Up and down the Kennebec Valley: Albion, South China libraries
by Mary Grow
The majority of the central Maine towns and cities this series is covering have public libraries. Previous articles have talked about the three whose buildings are on the National Register of Historic Places – Lawrence Library, in Fairfield (the Nov. 11 issue of The Town Line), Lithgow Library, in Augusta (Nov. 18) and Brown Memorial Library, in Clinton (Dec. 2).
This piece will describe other local libraries your writer finds interesting, mostly arranged alphabetically by town.
A digression is in order here to explain different concepts of “public library.”
The clearest version of “public” is a library that is owned by the municipality, run by a staff who are municipal employees and funded (mostly) by taxpayers. Augusta’s Lithgow Library is in this category; its website calls it “A Bureau of the City of Augusta, Maine.”
Lawrence Library, in Fairfield, is similarly described as “a department of the town of Fairfield.” It has a five-person advisory board (if the website is up to date, there are two vacancies).
Clinton’s Brown Memorial Library is one of the departments listed on the town website. The website lists three trustees.
Each of these libraries has a separate Friends group whose mission is to seek donations.
Another type of “public” library is a library that lets everyone borrow its books and other resources, free of charge, and is owned and run by a private association, normally headed by a board of trustees or other similarly-named group. The Albert Church Brown Memorial Library, in China Village, and the South China Public Library are examples of this organizational type.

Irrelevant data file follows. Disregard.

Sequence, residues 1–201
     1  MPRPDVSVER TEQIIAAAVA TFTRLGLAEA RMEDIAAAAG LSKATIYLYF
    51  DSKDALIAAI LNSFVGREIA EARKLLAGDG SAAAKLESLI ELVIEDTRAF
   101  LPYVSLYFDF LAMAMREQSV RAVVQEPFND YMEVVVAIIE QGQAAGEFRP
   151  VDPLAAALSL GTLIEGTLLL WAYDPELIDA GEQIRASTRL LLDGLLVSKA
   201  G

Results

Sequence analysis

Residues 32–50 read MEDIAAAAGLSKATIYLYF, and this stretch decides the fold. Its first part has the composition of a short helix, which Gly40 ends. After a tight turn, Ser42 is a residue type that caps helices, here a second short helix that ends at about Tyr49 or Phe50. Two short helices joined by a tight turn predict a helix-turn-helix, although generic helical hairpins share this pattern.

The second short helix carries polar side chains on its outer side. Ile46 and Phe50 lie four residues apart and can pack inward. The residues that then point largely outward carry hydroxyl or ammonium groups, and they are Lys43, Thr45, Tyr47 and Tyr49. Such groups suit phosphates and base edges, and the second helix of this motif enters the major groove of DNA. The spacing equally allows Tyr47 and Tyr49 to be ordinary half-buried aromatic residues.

Little Free Library is a 21st-century organizational form that will be described in the next article in this series, with local examples.
Albion, the town immediately north of China, seems to have used two other forms of library organization for two successive institutions, one started in 1864 and the other in 1981.
Albion’s 19th-century library represented the type of library that is not truly public, but is at least partly financed by, and its services offered only to, dues-paying members. For the Albion Division Library, organized April 19, 1864, the dues were nominal; some member-supported libraries have charged significant fees.
Ruby Crosby Wiggin wrote in her Albion town history that a share in Library of Albion Div. 55 cost a man 50 cents a year, and required him to sign the library’s constitution and bylaws. Women, identified as “Lady Visitors” rather than members, also had to sign the documents, Wiggin wrote; they were charged 10 cents every three months.
The Division apparently met at least monthly, because Wiggin wrote that books “could be taken out or returned only at regular meetings.” Rules limited each member to one book at a time, with a four-week maximum borrowing time before a fine was incurred. But, she wrote, books could be renewed, and librarians’ records showed members keeping a book “for nearly a year by returning it each month and then taking it out again.”
Wiggin’s history includes the names of the first 17 men who joined the library in 1864 and 1865, and the five women who took out books at the first Division meeting. She also listed the 46 books in the original collection, a mixture of fiction and non-fiction that included a few names familiar to 21st-century readers, like Longfellow’s Tales of a Wayside Inn, Robert Burns’ poems, Francis Bacon’s Essays and George Eliot’s The Mill on the Floss.
The library’s non-fiction collection included travel books by Peter Sutherland and Bayard Taylor; both volumes of Joel Tyler Headley’s 1847 Washington and His Generals; and a three-volume history of Turkey. Fiction included Ten Nights in a Bar Room and What I Saw There and several other novels by Timothy Shay Arthur.